• Multiple Choice | The core of any RPG is the choices that you make. Stray Gods has multiple-choice selections featured throughout most of the game. This takes the form of conversational options, musical selections, and where to go to carry on your adventure. Each choice doesn’t necessarily result in a consequence, but what it does do is potentially lead your adventure in a certain direction, limiting your actions or forcing a certain direction later on. There are times when you can alter this, but some are set in stone. It’s a really clever, thought-out dynamic for the player.

  • Relationships & Consequences | During your time with Stray Gods, you can develop friendships, enemies, and even lovers. It really depends on what sort of story you want to take. There are multiple people to develop your relationship with including the gods. Not only this, but your selections also carry consequences throughout the story. For example, later on in the game, I decided to choose Freddie as a distraction for Hecatae which resulted in Freddie’s death. Freddie was already Grace’s friend, but I was gradually working on them to become closer. The result left Grace traumatised, hurt and made the story more personal. As I mentioned above in the story section, it’s very well written with the developers really carving out care and emotion from the player.

Mixed Feelings

  • Performance Issues | There was only one instance of the game giving poor performance and this was in the section with Hecate and the Minotaur. The game drops down to single-digit frames and your selections take seconds to activate. I am unsure as to why this happens in a game of this caliber since the 3D is quite limited but it is quite annoying since it affects the audio a little bit too. However, this was the only instance and lasts around 10 minutes in total. You can skip the dialogue if you would like by hitting X, but when you are engaged with something, you don’t really want to.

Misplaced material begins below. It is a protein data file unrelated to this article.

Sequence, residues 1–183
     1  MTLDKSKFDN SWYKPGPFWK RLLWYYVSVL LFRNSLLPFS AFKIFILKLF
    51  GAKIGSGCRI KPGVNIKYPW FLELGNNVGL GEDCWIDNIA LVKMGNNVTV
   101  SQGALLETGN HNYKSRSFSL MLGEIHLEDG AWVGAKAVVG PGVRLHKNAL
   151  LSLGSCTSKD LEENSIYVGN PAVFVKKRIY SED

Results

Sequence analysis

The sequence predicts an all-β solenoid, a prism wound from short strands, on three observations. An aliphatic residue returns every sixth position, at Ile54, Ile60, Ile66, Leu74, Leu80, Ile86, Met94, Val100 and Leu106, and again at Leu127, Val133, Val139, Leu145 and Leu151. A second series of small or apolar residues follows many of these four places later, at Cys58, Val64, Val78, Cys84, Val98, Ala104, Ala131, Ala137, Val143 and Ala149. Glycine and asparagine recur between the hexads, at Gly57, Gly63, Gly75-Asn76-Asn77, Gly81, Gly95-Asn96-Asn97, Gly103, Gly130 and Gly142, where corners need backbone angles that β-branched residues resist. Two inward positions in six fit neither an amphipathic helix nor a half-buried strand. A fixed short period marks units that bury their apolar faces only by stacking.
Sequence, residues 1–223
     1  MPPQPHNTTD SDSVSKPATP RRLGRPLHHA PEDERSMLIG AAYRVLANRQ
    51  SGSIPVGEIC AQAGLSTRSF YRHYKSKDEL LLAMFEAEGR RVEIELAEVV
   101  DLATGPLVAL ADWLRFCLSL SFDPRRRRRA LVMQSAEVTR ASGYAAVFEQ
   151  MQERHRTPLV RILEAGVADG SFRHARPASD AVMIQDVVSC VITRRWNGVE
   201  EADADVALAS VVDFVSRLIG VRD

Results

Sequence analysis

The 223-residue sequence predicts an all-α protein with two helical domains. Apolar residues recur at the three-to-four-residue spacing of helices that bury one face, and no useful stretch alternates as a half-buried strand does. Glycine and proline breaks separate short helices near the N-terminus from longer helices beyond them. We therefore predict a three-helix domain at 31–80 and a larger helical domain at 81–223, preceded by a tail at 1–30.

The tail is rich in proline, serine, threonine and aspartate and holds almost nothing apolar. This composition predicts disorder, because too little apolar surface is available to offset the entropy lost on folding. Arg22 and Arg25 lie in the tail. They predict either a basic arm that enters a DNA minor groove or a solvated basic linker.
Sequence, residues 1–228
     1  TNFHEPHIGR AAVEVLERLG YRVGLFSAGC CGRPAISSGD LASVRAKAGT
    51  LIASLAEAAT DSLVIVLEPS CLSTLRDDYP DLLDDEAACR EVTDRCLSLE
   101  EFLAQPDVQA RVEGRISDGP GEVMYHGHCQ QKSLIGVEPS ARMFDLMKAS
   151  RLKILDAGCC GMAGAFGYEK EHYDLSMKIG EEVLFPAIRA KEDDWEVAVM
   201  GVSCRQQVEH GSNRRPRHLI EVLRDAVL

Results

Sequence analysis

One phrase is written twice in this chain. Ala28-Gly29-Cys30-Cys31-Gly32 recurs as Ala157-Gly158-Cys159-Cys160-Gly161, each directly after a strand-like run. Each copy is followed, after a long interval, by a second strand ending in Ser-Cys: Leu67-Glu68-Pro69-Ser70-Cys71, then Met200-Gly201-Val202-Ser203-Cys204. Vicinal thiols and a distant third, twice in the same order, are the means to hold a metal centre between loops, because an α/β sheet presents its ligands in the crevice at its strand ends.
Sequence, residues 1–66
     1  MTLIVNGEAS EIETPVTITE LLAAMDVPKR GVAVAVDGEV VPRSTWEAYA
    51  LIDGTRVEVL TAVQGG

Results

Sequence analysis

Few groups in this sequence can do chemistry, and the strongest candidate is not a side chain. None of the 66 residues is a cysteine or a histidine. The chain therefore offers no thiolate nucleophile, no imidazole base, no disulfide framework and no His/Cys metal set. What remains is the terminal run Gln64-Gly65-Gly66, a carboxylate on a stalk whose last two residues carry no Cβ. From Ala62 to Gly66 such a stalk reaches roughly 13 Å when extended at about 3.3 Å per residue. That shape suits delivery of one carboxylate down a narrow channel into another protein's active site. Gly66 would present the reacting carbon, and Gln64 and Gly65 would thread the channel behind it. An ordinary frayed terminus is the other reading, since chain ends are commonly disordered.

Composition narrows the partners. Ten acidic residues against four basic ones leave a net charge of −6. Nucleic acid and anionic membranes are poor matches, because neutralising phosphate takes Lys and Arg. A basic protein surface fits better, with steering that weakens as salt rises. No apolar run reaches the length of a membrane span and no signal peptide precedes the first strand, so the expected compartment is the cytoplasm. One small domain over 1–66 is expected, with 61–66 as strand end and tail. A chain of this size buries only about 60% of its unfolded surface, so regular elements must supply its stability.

What We Disliked

  • A Game breaking bug | Honestly, I hate writing about these issues in reviews, but it was the worst thing that could have happened to me given that game features no chapter selection. In the final act as you are about to confront Athena, the map section asking me where I would like to travel stops working entirely. I could not progress the game and so my only option was to quit the menu. From here I selected load game to resume from where I left off, but the game for some reason no longer recognised my save. Clicking on it did nothing. I closed the game down, restarted the game from scratch, went to my load game, confirmed it was there, clicked on it, and… It loaded… From Act 1. The game had decided to completely reset my progress. Something up until this point I had invested hours into, being engaged in the story, figuring out what happened and who the killer was. As you can imagine I was pretty annoyed at this. It did give me a reason to go back and make different choices in the game but at this point, the core story was already understood.